What Are the Differences Between Jaguars and Leopards?

Jaguars and leopards may appear very similar at first glance. However, their differences are clear to the trained eye.
What Are the Differences Between Jaguars and Leopards?

Last update: 17 April, 2021

There are seven species of big cats in all. Five of them belong to the genus Panthera: the lion, the tiger, the leopard, the snow leopard and the jaguar. Outside the genus Panthera are the cheetah (Acinonyx jubatus) and the puma (Puma concolor). They stand out due to their large size, are carnivorous and often play a very important ecological role as top predators in their ecosystems.  In addition, these felines often have similar patterns in their fur, which helps them camouflage in the environment and go unnoticed. These similarities can lead to confusion between the species. However, there are several differences between jaguars and leopards, for instance, that allow us to identify them correctly.

Differences between jaguars and leopards

In this article, we’ll explain the differences between jaguars and leopards, one of the most similar and often confused big cats. Don"t miss out on it.

Geographical distribution and habitat

One of the most overlooked aspects when identifying species is the geographic location. Whenever two species live in different areas —even if both are identical or very similar— it’s easy to know to which species a specimen belongs just by knowing its origins.

This is the case with jaguars and leopards. Jaguars (Panthera onca) live in Mexico, and on the southern border of the United States, as well as in Central America and a large part of South America. It should be noted that historically, it was much more widely distributed. Estimations shows that it currently occupies around 50% of its historical range.

A jaguar walking on sand.

In these places, they preferentially inhabit dense forests near water bodies, with which they’re closely associated. Jaguars mainly inhabit low altitude moist and dry tropical forests, but can also occupy other habitats, such as swamps or grasslands.

Leopards (Panthera pardus) are found in Africa and Asia. They have one of the widest ranges of all felids. Again, their distribution is very fragmented and reduced, and their population dynamics varies greatly depending on the area.

Their habitats are varied, ranging from desert and semi-desert areas to mountainous regions, grasslands, and tropical forests. Some populations even survive in snowy or urban areas.

Differences between jaguars and leopards: morphological traits

Jaguars are taller than leopards, even if their height is quite similar. In addition, jaguars are wider, more robust and heavier. Also, jaguars" heads are larger and rounder, and their jaws are more powerful. Their tails are also shorter than those of leopards.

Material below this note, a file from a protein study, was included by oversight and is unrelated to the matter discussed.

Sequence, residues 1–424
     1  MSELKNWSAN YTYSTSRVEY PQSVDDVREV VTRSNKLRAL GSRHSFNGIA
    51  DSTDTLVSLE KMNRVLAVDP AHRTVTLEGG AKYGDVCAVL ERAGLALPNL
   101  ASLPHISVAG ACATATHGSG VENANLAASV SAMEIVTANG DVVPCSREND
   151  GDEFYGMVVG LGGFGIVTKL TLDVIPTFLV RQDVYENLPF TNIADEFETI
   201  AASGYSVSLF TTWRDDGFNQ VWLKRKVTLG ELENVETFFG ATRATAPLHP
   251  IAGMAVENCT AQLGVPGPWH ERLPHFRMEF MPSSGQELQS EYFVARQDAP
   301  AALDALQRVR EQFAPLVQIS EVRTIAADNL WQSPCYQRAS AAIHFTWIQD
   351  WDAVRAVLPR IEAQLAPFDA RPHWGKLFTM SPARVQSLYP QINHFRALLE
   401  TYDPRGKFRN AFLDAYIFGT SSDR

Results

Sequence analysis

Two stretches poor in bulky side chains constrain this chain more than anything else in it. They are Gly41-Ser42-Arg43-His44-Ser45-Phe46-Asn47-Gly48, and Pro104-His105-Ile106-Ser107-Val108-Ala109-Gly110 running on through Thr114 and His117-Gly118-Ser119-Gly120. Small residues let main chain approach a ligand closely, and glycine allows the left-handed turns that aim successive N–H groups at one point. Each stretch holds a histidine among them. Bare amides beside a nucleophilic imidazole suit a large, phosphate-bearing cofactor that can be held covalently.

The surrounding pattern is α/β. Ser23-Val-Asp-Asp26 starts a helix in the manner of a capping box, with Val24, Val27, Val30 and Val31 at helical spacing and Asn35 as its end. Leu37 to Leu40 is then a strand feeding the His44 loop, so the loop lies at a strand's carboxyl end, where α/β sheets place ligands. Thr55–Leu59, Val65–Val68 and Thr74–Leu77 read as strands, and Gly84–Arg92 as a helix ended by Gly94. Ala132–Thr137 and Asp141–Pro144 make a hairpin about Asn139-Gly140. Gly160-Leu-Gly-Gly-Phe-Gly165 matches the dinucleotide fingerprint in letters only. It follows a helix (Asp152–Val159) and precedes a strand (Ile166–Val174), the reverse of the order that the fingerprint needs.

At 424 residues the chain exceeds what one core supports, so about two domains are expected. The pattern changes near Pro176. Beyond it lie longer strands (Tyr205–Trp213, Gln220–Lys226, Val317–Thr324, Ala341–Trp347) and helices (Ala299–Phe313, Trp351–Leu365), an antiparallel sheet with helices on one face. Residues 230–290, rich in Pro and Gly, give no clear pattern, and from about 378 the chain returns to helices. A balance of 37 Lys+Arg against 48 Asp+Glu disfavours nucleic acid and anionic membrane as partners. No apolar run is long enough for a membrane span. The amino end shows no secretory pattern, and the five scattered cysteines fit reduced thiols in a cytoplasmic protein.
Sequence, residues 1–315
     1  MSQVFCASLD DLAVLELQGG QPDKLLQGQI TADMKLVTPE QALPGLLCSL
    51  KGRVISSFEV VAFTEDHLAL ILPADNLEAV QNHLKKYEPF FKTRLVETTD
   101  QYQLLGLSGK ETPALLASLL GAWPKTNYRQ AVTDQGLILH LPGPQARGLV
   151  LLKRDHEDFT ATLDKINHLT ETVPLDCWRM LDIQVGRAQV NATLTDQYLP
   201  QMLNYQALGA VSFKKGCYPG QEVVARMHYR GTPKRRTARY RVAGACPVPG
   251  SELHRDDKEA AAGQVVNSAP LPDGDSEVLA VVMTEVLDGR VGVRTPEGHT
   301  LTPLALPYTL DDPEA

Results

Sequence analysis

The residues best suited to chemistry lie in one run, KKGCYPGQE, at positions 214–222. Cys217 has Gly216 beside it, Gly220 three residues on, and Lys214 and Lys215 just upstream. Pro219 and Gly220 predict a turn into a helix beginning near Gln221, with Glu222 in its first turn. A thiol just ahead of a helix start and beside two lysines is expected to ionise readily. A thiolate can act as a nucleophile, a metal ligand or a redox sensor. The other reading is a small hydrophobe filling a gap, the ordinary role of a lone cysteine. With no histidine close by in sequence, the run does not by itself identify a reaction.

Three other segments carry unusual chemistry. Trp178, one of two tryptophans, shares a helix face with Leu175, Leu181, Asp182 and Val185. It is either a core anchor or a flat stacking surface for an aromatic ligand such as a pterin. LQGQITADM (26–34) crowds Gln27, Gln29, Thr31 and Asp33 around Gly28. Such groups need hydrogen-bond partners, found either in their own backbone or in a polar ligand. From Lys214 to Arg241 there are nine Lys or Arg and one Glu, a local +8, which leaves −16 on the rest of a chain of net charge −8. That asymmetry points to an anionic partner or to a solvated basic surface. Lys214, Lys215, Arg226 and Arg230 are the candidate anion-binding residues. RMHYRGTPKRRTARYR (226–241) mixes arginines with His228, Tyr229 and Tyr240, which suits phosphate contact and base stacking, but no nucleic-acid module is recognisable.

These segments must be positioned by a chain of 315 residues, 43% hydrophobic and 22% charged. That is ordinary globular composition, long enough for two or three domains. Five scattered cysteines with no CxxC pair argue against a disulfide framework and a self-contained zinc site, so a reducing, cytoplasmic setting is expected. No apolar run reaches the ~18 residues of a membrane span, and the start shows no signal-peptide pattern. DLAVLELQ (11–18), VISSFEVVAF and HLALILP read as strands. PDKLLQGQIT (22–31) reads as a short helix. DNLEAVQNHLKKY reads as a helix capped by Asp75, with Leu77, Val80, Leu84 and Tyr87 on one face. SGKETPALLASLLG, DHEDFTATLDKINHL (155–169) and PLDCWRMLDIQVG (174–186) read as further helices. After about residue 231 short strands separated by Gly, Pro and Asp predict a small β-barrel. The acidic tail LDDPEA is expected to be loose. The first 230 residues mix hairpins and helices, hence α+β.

For all these reasons, jaguars have a more compact and robust appearance, while leopards are more graceful. Regarding their color, both have golden fur that turns white on the belly, and are covered with more or less circular black spots, called rosettes.

Jaguars" rosettes have black spots in the center, are larger and are farther apart. Leopards don’t have such spots on their rosettes, and the latter are smaller and closer together.

This simple detail can be very useful when identifying them, but, in both species, there are also melanistic individuals, whose fur is very dark or completely black, which renders this detail useless. These individuals are popularly known as black panthers.

Differences between jaguars and leopards: behavior and diet

The diet of leopards is incredibly varied. They prefer medium-sized ungulates, but depending on availability and competition for food, they may eat anything from mammals to birds, reptiles and even insects. In addition, many individuals are able to specialize in a particular type of prey.

After catching their prey, leopards often hide it in vegetation or trees to prevent competitors from stealing it, as they often share their habitat with larger predators.

Jaguars also have highly diversified diets. Although they prefer large ungulates, they also feed on smaller prey. Unlike other felines, they’re great swimmers, so they often hunt fish and turtles or even caimans and anacondas.

Jaguars are the largest predators in their ecosystems, so they usually have no need to hide their prey.

A leopard stalking its prey.
A leopard

These are the most important differences when it comes to telling the two species apart. Both leopards and jaguars play key roles in their ecosystems. Currently, both are suffering population declines, so it’s important to get to know them in order to appreciate them, protect them, and prevent their extinction.

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